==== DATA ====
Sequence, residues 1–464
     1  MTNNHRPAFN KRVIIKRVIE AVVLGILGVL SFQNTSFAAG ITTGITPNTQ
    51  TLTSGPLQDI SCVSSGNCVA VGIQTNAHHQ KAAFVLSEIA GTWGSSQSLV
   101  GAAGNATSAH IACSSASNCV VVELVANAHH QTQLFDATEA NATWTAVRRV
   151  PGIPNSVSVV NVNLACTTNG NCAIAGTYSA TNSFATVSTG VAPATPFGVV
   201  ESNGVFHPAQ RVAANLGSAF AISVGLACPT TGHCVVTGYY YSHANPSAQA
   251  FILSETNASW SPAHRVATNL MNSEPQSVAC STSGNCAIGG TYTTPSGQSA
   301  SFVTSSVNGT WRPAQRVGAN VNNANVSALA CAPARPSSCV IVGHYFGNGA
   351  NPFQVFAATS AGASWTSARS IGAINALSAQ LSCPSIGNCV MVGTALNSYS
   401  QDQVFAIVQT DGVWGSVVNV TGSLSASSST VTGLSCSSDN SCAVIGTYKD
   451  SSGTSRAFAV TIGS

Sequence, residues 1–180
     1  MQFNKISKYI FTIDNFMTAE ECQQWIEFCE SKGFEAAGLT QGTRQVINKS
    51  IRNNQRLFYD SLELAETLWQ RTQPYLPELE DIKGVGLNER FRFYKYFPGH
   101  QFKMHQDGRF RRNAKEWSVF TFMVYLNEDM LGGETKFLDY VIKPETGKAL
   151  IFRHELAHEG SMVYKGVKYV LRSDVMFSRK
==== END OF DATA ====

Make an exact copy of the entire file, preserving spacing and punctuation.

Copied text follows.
Sequence, residues 1–464
     1  MTNNHRPAFN KRVIIKRVIE AVVLGILGVL SFQNTSFAAG ITTGITPNTQ
    51  TLTSGPLQDI SCVSSGNCVA VGIQTNAHHQ KAAFVLSEIA GTWGSSQSLV
   101  GAAGNATSAH IACSSASNCV VVELVANAHH QTQLFDATEA NATWTAVRRV
   151  PGIPNSVSVV NVNLACTTNG NCAIAGTYSA TNSFATVSTG VAPATPFGVV
   201  ESNGVFHPAQ RVAANLGSAF AISVGLACPT TGHCVVTGYY YSHANPSAQA
   251  FILSETNASW SPAHRVATNL MNSEPQSVAC STSGNCAIGG TYTTPSGQSA
   301  SFVTSSVNGT WRPAQRVGAN VNNANVSALA CAPARPSSCV IVGHYFGNGA
   351  NPFQVFAATS AGASWTSARS IGAINALSAQ LSCPSIGNCV MVGTALNSYS
   401  QDQVFAIVQT DGVWGSVVNV TGSLSASSST VTGLSCSSDN SCAVIGTYKD
   451  SSGTSRAFAV TIGS

Sequence, residues 1–180
     1  MQFNKISKYI FTIDNFMTAE ECQQWIEFCE SKGFEAAGLT QGTRQVINKS
    51  IRNNQRLFYD SLELAETLWQ RTQPYLPELE DIKGVGLNER FRFYKYFPGH
   101  QFKMHQDGRF RRNAKEWSVF TFMVYLNEDM LGGETKFLDY VIKPETGKAL
   151  IFRHELAHEG SMVYKGVKYV LRSDVMFSRK